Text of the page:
If you have no idea where you want to go to college, or what you want to study, starting the process can be over-whelming. Where do you even start your college search?
You might start your college search on-line. But good old-fashioned books can still be your best resource for going through the process in an organized way and to make sense of it all. Here’s a short list of 5 books to get you started!
Yes, you can find lots of free information on the internet. But it takes a lot of time to find it. What you find can be hit or miss. And it cam be hard to understand if you read the information out of order. Books are worth their relatively low cost for organization and time!
Encyclopedia of Colleges
If your search is wide open, you need a broad index that you can keep coming back to. One where you’ll see the same information, in the same form, for every college. Be skeptical of any book who claims that they cover all the “best” colleges. Clearly, they don’t cover the same ones, so who really knows which ones are “best?”
We were lucky and both our kids knew where to start. So, since I didn’t have any personal experience, I did some Amazon research for you.
This review clued me in that in spite of the names, several of the books, such as Fiske Guides, only cover selected colleges. And their selections don’t always make sense. So I followed a trail of reviews. In spite of very few latest edition reviews (you have to follow the trail of past editions), I would start with Barron’s Profiles of American Colleges. Be sure to check the search results in the link for the latest edition.
In Barron’s Profiles of American Colleges, colleges are organized by state. It describes more than 1,650 colleges, including admission requirements and procedures, tuition, fees, and financial aid sources.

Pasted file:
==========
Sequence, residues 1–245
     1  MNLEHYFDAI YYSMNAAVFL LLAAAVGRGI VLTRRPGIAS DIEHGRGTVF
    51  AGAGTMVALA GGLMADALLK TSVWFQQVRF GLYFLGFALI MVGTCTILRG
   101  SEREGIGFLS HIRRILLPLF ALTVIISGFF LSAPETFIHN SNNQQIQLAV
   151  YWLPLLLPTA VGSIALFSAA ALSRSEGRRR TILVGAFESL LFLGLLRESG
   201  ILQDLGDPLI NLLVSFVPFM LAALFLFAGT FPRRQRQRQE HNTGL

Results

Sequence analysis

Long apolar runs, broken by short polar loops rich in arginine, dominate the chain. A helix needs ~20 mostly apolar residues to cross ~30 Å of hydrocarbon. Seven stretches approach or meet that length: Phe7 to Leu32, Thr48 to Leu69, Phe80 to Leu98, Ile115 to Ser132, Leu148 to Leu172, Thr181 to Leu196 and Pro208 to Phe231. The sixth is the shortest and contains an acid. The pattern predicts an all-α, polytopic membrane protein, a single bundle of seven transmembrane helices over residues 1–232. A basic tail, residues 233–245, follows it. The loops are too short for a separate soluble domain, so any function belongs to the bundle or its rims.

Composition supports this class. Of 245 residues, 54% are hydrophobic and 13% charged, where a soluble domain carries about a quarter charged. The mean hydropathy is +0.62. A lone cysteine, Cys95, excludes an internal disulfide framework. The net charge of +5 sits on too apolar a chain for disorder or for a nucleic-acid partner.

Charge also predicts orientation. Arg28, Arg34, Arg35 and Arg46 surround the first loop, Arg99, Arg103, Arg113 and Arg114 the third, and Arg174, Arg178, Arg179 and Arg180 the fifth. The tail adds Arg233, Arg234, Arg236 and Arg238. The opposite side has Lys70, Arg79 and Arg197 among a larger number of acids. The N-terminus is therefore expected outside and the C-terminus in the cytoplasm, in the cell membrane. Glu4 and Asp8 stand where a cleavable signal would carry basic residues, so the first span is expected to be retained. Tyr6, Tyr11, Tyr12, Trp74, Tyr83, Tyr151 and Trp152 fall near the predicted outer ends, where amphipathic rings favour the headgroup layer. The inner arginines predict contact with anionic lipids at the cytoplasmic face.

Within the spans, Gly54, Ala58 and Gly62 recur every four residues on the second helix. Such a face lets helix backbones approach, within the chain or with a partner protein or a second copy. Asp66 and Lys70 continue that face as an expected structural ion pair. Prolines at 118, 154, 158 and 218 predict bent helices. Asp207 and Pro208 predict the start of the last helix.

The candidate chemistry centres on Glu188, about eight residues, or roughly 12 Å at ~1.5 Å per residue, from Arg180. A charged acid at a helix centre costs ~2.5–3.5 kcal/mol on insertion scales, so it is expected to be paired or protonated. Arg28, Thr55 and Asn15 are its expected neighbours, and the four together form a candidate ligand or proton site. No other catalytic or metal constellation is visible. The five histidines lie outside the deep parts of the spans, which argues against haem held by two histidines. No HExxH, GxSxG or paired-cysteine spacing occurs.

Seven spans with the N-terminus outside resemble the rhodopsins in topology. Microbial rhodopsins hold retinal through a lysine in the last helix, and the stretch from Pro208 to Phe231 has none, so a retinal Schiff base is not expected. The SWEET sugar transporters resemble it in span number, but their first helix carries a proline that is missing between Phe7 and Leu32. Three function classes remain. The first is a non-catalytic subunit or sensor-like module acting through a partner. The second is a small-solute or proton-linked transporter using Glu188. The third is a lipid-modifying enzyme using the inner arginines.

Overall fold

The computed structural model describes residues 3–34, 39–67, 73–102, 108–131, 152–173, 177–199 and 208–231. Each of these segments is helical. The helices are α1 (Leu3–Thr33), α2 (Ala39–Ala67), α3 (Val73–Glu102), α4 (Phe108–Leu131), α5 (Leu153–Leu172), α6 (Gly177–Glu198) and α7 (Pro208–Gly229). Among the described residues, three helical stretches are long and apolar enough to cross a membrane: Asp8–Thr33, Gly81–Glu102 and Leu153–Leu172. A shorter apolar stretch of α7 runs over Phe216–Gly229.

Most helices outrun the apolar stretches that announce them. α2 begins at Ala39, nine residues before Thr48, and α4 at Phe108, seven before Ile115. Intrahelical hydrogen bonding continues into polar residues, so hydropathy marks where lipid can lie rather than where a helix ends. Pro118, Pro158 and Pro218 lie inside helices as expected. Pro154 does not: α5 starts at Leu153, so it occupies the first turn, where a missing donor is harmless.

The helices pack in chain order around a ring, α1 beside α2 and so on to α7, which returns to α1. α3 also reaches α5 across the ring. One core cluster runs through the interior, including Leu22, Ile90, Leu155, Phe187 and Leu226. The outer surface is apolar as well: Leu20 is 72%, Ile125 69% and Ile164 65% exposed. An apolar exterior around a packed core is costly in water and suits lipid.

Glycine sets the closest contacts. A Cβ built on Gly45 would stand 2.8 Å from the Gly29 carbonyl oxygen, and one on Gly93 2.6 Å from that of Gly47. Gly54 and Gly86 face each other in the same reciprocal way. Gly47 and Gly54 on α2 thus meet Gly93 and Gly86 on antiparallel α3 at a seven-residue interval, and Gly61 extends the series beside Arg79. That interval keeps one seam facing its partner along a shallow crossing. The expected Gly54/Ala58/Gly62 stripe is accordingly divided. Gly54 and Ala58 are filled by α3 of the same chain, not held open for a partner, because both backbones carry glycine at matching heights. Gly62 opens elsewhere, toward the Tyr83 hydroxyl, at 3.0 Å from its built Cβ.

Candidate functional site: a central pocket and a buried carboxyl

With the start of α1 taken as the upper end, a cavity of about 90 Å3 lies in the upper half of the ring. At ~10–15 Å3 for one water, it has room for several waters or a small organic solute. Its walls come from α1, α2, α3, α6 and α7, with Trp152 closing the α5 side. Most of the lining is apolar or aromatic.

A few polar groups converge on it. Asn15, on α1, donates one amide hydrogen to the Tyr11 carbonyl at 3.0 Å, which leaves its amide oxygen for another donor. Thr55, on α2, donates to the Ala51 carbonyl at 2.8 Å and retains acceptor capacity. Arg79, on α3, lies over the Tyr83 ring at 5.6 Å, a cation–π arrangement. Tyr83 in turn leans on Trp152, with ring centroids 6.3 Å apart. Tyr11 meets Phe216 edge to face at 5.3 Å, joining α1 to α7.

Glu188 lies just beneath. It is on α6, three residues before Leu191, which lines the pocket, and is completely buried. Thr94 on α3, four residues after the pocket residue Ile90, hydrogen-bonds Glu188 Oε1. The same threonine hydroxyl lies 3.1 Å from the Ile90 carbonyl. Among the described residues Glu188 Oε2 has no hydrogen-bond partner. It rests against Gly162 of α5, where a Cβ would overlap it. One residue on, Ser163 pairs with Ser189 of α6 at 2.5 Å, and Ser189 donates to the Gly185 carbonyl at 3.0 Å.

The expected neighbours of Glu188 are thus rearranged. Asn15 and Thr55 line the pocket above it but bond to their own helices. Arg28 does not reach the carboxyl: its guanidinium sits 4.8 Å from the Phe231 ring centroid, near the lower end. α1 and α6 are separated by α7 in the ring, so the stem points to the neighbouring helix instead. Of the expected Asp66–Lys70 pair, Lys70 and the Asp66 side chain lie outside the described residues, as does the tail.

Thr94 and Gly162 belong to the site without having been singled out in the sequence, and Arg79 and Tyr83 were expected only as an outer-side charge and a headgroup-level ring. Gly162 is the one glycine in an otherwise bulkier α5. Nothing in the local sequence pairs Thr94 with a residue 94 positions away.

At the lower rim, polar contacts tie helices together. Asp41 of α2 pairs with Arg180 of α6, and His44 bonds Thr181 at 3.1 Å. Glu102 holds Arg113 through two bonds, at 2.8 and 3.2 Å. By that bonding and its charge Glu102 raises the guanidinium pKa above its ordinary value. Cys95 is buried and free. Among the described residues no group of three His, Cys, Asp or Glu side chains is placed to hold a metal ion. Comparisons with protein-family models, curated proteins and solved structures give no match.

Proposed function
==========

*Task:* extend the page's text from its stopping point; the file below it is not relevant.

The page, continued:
You can read the most helpful review here.
Get specific when you choose a college
To get more information on specific colleges, you’ll need to turn to college web pages. But college websites can be confusing! They are all organized differently. Specific information can be hard to find.
I heard Michelle Kretzschmar speak and she has really cracked the code on how to read and navigate college websites. Creating College Lists will show you how to get the most out of college websites, find what you’re looking for, and organize the information.
Creating College Lists: Your Guide to Using College Websites to Pay Less for a Better Education – Great insight into how to get beyond the shine and fluff and get real information out of college websites.
College search – Ivy League college or elite university?
Do you want to go to an Ivy League College or an elite university? Even if you’re just thinking about going to the “top” school in your state, it’s easy to get caught up on a name and popularity. But before you wander down the ivy path, read Excellent Sheep.
Excellent Sheep – Excited about going to a big name, elite, university? Read this book first.
Consider a Liberal Arts College
Smaller colleges can be a great option. Colleges that Change Lives will get you thinking about the ways in which small liberal arts colleges can be superior to name brand colleges. It will also gives you suggestions of colleges to start your search by state.
After reading Colleges that Change Lives and the blog by the author of The College Solution, I was interested in the benefits of small, liberal arts colleges. The College Solution also focuses on how to figure out which colleges will be affordable, and more.
But ultimately I found that it wasn’t a good fit for us. I did a series of posts about exploring this option for our son.
Important Last Step!
The college search – narrowing it down
After you narrow down your college search, don’t forget the important last step. Find out if graduates can find jobs and how much they earn.